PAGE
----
It’s been a rough few years for Canada’s Ombudsman for Banking Services and Investments (OBSI).
First, two of the country’s largest banks began boycotting OBSI’s dispute-resolution process. Then, some banks tried to pull their brokerage subsidiaries out, too.
In the confrontation that followed, OBSI’s mandate got trimmed back. It lost the authority to identify and investigate systemic problems. It also had to stop examining portions of complaints involving segregated funds.
Meanwhile, a small but increasing number of investment firms began refusing to comply with OBSI’s compensation recommendations. Some of those firms were broke but others were simply bellicose and didn’t even wait for the recommendation; they just declared upfront that they wouldn’t pay compensation, no matter what OBSI might conclude. “Naming and shaming” the firms did nothing. It just made OBSI look impotent.
In March, Doug Melville announced he was leaving as OBSI’s ombudsman and CEO before his term ended. Two senior staffers also departed.
Things looked pretty grim. Yet, to their great credit, OBSI’s directors persevered through all this muck and now they’ve succeeded in recruiting a high-powered new leader for the organization.
Sarah Bradley is a lawyer and law professor. She comes to OBSI directly from being the chairwoman and CEO of the Nova Scotia Securities Commission. She’s also served as vice chairwoman of the Canadian Securities Administrators (CSA), the umbrella group of provincial regulators that collectively sets OBSI’s terms of reference and oversees its activities.
Without doubt, Bradley’s competency in securities law and her knowledge of the players within the CSA will be valuable assets for OBSI. But to be truly effective, she also needs to establish quickly that she understands the real dynamics of client/advisor relationships and that she possesses keen insight into the realities facing OBSI.
One of those realities is the boycott. Although bank-owned brokerages are still “in” OBSI’s dispute-resolution system, they may only be there because the CSA ordered them to stay in. And no such support was forthcoming on pure banking matters. Instead, Ottawa sided with the dissatisfied banks, allowing them to walk out and use private dispute-resolution services in place of OBSI — a decision that’s bound to echo down the road. In time, as those alternate private services become increasingly experienced with OBSI-type matters, they’ll be ever more able and inclined to argue that the CSA’s edict should be overturned for investment firms.
OBSI’s other hard reality is the fact that “naming and shaming” no longer holds the deterrent power it once had. The first few shamings certainly attracted media attention. But as more and more firms have refused to settle, public tongue-lashings from OBSI have lost their novelty, and with it, their news value. Media coverage is bound to diminish in future. Naming and shaming will deliver less and less sting.
The result may be highly dysfunctional. As naming and shaming proves increasingly ineffective, dealers can claim credibly in negotiations that they have little to fear from it. This throws the door wide open to “lowballing” — i.e., threatening to pay nothing unless the claimant accepts significantly less than the amount of compensation OBSI recommended.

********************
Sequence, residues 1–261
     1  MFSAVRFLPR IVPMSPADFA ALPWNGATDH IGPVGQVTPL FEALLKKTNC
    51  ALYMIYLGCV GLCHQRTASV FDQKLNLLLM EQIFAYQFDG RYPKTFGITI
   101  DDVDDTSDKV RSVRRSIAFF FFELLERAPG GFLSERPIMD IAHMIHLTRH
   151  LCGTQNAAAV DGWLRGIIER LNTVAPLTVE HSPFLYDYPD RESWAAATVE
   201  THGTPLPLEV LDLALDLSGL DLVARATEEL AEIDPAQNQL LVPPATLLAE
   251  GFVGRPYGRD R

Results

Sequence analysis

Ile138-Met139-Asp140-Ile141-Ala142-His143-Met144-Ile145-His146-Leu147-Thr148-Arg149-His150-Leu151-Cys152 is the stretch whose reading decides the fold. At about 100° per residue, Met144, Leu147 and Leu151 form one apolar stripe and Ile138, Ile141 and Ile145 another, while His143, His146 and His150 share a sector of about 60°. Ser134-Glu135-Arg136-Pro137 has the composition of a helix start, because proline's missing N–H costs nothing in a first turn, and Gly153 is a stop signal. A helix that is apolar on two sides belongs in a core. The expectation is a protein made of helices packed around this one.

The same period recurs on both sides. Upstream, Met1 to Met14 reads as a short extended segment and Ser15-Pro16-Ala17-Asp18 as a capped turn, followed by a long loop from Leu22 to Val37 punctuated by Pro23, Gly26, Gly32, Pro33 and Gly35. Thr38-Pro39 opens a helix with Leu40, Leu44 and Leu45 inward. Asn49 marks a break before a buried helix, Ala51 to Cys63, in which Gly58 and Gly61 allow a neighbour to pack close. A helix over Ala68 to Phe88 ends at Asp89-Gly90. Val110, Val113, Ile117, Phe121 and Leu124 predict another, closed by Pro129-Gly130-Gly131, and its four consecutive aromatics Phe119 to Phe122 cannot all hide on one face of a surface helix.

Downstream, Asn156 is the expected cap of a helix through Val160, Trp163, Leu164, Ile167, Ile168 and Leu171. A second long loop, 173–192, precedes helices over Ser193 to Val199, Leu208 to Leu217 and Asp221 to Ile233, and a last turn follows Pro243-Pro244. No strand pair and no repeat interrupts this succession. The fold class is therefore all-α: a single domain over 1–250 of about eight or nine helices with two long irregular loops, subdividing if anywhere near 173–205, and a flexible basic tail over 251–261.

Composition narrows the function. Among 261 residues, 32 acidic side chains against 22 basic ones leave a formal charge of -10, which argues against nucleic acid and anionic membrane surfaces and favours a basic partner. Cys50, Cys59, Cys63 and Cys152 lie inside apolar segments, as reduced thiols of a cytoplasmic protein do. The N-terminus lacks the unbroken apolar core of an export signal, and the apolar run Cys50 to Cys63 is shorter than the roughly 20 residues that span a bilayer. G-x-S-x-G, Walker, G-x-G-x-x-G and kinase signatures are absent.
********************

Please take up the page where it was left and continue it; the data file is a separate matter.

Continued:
Lowballing already is a concern on OBSI’s radar, and it will be a sad irony if OBSI’s utilization of its own “naming and shaming” power makes the problem grow. Worse still, accountability will take a hit as statistics will still show a high percentage of claims being ” resolved successfully,” but confidentiality agreements will prevent outsiders from ever learning how many or how few of those settlements coincide with OBSI’s recommendations.
These dysfunctional consequences can be averted only by coming to grips with the need to reform the tail end of OBSI’s process. Specifically, when a dealer is disinclined to accept OBSI’s recommendation, the process can’t just keep shuddering to a halt with no resolution and claimants being left more vulnerable to unfair settlement pressure than they were before they turned to OBSI for help. Instead, some mechanism must be put in place to render a fair and binding decision.
But what mechanism? That’s not a simple question to answer. OBSI’s stakeholders will have significantly differing views on what constitutes a fair process, and who should pay for it. There’s also sure to be intense disagreement over whether binding decisions should be made by OBSI itself or by some other, completely separate agency or tribunal.
Still, all stakeholders will likely agree that it’s worth trying to find a solution — if only to avoid having one imposed upon them by regulatory fiat. As dealers learned when the CSA stopped them from pulling out of the OBSI system with their parent banks, the regulatory response can be surprising.
This gives Bradley an opening — if she wants it — to assemble OBSI’s stakeholders and to convince them they should at least try walking together down the path to reform. It won’t be an easy path. A workable solution will be difficult to hammer out. But that’s the mark of a good ombudsperson: getting opponents to see the practical benefits of a reasonable and fair resolution that lets them all move forward.